Margaret Cho on Comedy, Female Empowerment and Why She’s Enjoying Her 50s
Comedian Margaret Cho, 51, who touches down in Vancouver for Just For Laughs Northwest in February, challenges perceptions of aging through her comedy. Photo: Courtesy of Just For Laughs Northwest
Forget legalizing cannabis. You want a real high? Actress and comedian Margaret Cho suggests aging.
“Menopause is a gateway drug,” the 51-year-old told LA Weekly in December. “It puts you into another world where you don’t give a sh*t. You’re more confident and you really hone into what’s important. It opens up your mind.”
Cho isn’t afraid to take on perceptions of aging in her new, one-woman stage show Fresh Off the Bloat. In fact, she’s made a career out of shattering norms, starting with her ground-breaking 1994 ABC sitcom All-American Girl, the first series of its kind centred on an Asian-American (in this case, Korean-American) family. She has since acted on stage and screen, written autobiographical works and essays, released a music album, created a clothing line and a line of belly-dancing belts, hosted a podcast and advocated for LGBTQ rights. And, of course, she continues her stand-up career, which includes her Feb. 15 show at the Just for Laughs NorthWest Festival in Vancouver.
“We have a good time especially now that we’re all older,” Cho says of JFL, noting it’s one of the rare times comedians get to hang out with each other. “Most of these people that are headlining, we all grew up together. So it’s a meaningful thing.”
In the last few years, Cho has embraced her “ajumma status” — a Korean word that refers to a middle-aged or older woman who is loud, opinionated and doesn’t take crap from anyone. Sometimes used in a derogatory way, it is being reclaimed as a symbol of power in a culture that too often covets youth.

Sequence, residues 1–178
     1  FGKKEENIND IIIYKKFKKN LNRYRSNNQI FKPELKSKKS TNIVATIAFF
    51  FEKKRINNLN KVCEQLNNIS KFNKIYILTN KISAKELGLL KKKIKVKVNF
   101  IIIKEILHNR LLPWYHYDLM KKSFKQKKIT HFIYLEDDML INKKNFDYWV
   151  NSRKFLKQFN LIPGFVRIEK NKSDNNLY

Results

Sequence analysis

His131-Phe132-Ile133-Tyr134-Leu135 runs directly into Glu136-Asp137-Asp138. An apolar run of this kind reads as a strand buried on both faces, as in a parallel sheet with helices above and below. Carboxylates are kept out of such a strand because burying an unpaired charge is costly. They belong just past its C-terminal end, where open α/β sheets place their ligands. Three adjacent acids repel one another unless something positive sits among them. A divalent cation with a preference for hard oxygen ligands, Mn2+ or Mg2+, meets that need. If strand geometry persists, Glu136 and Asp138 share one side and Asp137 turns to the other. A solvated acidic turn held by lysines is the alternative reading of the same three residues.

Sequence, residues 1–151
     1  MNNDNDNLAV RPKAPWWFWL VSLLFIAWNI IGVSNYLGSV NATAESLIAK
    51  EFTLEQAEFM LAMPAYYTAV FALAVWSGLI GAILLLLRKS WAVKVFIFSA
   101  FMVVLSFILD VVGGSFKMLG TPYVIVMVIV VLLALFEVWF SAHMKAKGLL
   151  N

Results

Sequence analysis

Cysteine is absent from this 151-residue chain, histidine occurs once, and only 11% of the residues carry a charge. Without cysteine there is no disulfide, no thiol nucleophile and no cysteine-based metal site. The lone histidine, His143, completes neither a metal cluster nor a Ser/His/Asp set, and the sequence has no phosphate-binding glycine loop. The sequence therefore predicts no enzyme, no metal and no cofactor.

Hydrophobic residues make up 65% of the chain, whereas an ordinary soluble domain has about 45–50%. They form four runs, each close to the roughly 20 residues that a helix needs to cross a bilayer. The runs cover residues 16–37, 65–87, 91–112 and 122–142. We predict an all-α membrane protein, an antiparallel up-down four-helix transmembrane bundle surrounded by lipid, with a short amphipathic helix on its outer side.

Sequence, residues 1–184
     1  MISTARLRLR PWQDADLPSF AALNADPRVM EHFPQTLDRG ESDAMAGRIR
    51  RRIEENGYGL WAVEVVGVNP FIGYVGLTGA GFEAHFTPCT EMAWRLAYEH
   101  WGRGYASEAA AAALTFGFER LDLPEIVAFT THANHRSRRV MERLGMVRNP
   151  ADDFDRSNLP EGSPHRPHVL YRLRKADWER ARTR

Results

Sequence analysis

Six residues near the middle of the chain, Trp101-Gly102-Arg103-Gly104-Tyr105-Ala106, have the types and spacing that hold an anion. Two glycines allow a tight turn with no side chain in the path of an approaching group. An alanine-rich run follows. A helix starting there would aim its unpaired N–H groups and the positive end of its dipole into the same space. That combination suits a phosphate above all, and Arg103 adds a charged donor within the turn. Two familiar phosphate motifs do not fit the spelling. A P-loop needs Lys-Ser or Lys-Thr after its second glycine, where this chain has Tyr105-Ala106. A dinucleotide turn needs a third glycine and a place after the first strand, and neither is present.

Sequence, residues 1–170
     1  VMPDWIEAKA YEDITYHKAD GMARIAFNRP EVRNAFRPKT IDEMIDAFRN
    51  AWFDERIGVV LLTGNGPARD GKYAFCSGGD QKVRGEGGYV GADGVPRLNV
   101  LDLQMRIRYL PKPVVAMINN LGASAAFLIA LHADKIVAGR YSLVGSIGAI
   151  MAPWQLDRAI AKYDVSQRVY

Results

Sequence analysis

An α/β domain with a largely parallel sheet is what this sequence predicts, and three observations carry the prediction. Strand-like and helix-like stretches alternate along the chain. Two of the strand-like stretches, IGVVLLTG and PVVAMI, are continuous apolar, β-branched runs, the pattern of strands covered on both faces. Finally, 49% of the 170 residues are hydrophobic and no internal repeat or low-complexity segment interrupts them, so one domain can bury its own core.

Zoomer caught up with Cho to talk about being an ajumma, aging and her memories of Canada.
ZOOMER: You’ve used your comedy to shine a spotlight on topics related to aging. How important it is for you to tear down myths about aging, particularly for women, and redefine how we think about it?
MARGARET CHO: I found my experience with aging has been really positive. And it’s really incredible because a lot of times, especially in Hollywood, women generally start to disappear in their 30s, and then you don’t really see them re-emerge until much later. But nowadays there’s a lot more of these different kinds of ideas. A lot of people are turning 50, whether it’s J. Lo or Jennifer Aniston. All of these kinds of 90s … beauties and sex symbols are also my age. And that’s a really great thing. It’s kind of like we’re all kind of doing it together and it’s not a big deal, and we just age differently than our parents do. We’ve got a lot more resources to look at aging in a different way. And we were part of a generation that didn’t get married right away and have a bunch of kids right away. So that’s kind of a weird aspect of lengthening your own kind of lifespan in that you’ve spread out these life events farther. So I think it’s great, and I’m really having a good time in my 50s.
ZOOMER: Tell us a little bit about being in an ajumma stage of your life.